ELECTIONATE JANUARY 21, 2013
President Obama's gun-control proposal has been met, predictably, with GOP resistance—Sen. Ted Cruz said Sunday that it's "designed to appeal to ... his political partisans"—but not all Democrats are embracing the proposal either. Sen. Mark Pryor of Arkansas, for instance, said "the place to start is to enforce the laws on the books," and his reservations have been echoed by half a dozen of his colleagues up for reelection in 2014, presumably because they fear the electoral consequences of alienating conservative crossover voters. But contrary to this conventional wisdom, embracing gun control wouldn't doom vulnerable red-state Democrats to defeat in November 2014. For proof, they need look no further than their colleagues, who have won on pro–gun control platforms.
Take Sen. Bill Nelson of Florida. Since winning by 5 points in 2000, Nelson won three consecutive elections, each time outperforming the Democratic presidential candidate. Nelson didn’t just win Florida by a wider margin than those candidates; he significantly outperformed Gore, Kerry, and Obama in the deeply conservative Florida Panhandle. For example, Nelson won Liberty County for the third consecutive election in November, even though Obama lost this sparsely populated, culturally Southern county along the Gulf Coast by nearly 40 percentage points. And Nelson has won despite campaigning on gun control and earning an “F” rating from the NRA. While there is not data on gun ownership in the Panhandle, it is safe to assume that guns would matter in Liberty County. An arbitrary border is the only thing separating the Panhandle from Alabama, a state with the ninth-highest gun ownership rate in the country.
Nelson isn’t the only Democrat succeeding in Dixie with an “F” rating from the NRA. In fact, there are about as many southern Democrats with a “D” or “F” from the NRA as there are with an “A.” Nelson is joined by senators Senators Tim Kaine (F), Kay Hagan (F), Jay Rockefeller (D), and Claire McCaskill (F), all of whom outperformed Democratic presidential nominees and conquered plenty of Romney/McCain/Bush territory. Further north, Midwestern senate Democrats in states with above-average gun ownership rates like Minnesota, Iowa, and Wisconsin tell a similar story. Even in Ohio, where John Kerry felt compelled to go hunting before the 2004 presidential election, F-rated Sharrod Brown cleanly won a second term. The exception might be the interior West, where every Senate Democrat who significantly outperformed the president possessed an A rating from the NRA, perhaps suggesting that gun rights are more important to Democratic fortunes in that region. Unlike their Midwestern or Southern counterparts, senators Baucus and Begich might be more justified in withholding support for the president's proposal.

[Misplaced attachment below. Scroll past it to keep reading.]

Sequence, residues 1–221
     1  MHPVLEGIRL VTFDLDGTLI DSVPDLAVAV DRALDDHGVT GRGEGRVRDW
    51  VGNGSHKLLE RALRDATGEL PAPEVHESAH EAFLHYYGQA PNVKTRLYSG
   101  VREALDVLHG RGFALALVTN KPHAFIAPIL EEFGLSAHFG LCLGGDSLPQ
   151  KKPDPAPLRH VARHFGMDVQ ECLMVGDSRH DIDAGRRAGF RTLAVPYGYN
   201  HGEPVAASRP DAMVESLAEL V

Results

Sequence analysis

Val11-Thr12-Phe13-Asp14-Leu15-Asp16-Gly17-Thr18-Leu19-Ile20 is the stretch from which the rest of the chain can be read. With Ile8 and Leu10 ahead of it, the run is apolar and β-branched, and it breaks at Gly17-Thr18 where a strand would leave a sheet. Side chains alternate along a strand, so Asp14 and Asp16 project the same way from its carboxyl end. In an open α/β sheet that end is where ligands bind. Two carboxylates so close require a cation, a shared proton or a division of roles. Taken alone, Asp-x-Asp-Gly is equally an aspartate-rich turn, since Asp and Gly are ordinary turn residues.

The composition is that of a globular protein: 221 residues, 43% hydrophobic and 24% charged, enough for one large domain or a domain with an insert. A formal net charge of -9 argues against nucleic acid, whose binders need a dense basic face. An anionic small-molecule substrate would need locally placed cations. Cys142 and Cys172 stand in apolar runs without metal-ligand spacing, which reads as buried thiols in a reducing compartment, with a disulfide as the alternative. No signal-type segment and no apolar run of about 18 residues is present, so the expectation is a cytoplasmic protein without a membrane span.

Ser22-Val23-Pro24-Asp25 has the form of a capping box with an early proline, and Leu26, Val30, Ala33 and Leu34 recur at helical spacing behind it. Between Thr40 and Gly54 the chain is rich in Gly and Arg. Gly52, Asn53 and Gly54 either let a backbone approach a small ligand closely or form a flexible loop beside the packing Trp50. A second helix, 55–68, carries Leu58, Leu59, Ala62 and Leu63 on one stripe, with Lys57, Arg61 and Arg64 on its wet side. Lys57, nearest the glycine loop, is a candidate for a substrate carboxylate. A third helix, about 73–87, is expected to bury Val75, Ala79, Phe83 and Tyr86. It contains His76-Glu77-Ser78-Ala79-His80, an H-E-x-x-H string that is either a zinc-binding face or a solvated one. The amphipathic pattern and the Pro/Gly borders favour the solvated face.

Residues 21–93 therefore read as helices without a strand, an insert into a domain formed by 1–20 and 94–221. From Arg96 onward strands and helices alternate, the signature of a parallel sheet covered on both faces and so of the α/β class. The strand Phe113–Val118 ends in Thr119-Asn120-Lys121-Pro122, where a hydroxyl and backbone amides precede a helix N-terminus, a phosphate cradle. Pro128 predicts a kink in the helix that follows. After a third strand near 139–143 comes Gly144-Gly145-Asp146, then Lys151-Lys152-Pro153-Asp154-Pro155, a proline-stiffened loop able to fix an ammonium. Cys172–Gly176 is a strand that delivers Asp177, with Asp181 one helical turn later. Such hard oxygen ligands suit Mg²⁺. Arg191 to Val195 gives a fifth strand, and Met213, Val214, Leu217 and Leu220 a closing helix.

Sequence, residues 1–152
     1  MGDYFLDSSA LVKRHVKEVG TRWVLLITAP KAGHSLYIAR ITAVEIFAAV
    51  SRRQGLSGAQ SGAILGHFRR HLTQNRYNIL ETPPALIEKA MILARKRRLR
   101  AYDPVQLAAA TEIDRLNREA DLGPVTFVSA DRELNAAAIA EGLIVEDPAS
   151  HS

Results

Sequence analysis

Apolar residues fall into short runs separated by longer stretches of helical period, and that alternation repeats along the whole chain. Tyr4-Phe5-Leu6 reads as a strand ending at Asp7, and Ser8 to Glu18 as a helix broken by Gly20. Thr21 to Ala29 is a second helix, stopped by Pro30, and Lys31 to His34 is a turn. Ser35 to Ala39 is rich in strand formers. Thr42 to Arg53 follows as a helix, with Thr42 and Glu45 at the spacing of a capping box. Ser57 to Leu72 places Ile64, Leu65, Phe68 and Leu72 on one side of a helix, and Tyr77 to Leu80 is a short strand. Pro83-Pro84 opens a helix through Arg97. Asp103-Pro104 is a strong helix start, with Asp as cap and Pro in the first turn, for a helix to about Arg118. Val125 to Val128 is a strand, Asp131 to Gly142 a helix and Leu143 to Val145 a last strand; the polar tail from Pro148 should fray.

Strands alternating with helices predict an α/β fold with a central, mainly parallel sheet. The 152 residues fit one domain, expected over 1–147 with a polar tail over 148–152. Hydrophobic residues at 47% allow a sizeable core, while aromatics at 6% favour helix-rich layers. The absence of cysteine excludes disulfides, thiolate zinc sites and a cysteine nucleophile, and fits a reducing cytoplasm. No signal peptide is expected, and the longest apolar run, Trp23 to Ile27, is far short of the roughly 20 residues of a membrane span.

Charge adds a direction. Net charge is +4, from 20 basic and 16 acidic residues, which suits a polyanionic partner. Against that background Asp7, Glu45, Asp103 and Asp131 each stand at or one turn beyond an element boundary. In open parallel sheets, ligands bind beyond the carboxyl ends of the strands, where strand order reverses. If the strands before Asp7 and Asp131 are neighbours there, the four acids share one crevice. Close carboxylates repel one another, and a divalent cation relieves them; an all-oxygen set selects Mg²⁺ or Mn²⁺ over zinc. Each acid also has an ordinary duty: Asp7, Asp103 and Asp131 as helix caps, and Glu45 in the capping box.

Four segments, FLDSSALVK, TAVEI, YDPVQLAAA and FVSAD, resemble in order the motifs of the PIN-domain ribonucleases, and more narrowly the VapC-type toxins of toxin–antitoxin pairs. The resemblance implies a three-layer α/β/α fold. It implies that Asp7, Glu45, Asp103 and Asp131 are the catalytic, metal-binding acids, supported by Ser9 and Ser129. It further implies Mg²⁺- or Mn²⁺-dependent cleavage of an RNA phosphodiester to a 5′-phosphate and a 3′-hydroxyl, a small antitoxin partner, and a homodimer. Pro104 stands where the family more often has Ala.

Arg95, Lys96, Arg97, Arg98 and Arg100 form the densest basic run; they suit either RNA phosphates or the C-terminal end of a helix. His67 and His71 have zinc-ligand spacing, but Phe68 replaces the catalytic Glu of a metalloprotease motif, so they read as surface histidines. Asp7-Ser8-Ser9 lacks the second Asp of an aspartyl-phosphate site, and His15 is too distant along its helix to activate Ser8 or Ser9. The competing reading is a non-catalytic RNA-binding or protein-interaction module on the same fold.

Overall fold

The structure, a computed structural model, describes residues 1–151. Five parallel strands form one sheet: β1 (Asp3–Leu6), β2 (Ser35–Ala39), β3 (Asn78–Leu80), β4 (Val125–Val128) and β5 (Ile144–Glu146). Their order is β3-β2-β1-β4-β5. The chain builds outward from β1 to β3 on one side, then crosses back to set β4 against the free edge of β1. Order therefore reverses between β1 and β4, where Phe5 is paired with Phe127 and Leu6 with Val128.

The data, however, does not support the notion that the NRA holds veto power over Democratic fortunes in Republican territory. For starters, the NRA doesn’t contribute nearly as much money to campaigns as is generally assumed—they spread their resources around dozens of candidates and don’t pack a strong punch in specific races. Moreover, studies show that NRA endorsements are far more important for the challenger than the incumbent, and American Prospect editor Paul Waldman found that the NRA didn't make have much success getting its preferred candidates elected in 2004 and 2010. And those candidates weren't always Republican: The NRA endorsed plenty of red-state Democratic House representatives in 2010, but most of them were nonetheless swept out of office in November.
Today, polls show greater support for gun control than they did in November, when many red-state Democrats who support gun control won reelection. A recent Washington Post poll shows that 58 percent of southerners support an assault weapons ban, while a plurality of southerners in a Pew Research survey believe that gun control is more important than the right to own guns. Similarly, a recent SurveyUSA poll found Georgia voters support the president’s proposal, including an assault weapons ban, by an 18 point margin. More generally, polls consistently show support for gun control breaking along partisan lines, suggesting that most gun-rights voters will cast their ballots for Republicans anyway—even if the Democratic opponent has a strong NRA rating.
Still, it's easy to see why vulnerable red-state Democrats would avoid this issue: Pryor, for instance, has little to gain by supporting the president’s gun-control package. And it's possible that Democrats could suffer for flip-flopping or associating themselves with the president, even if gun control isn't a top issue with the voters. But the facts are clear: A failing grade from the NRA is hardly a death sentence.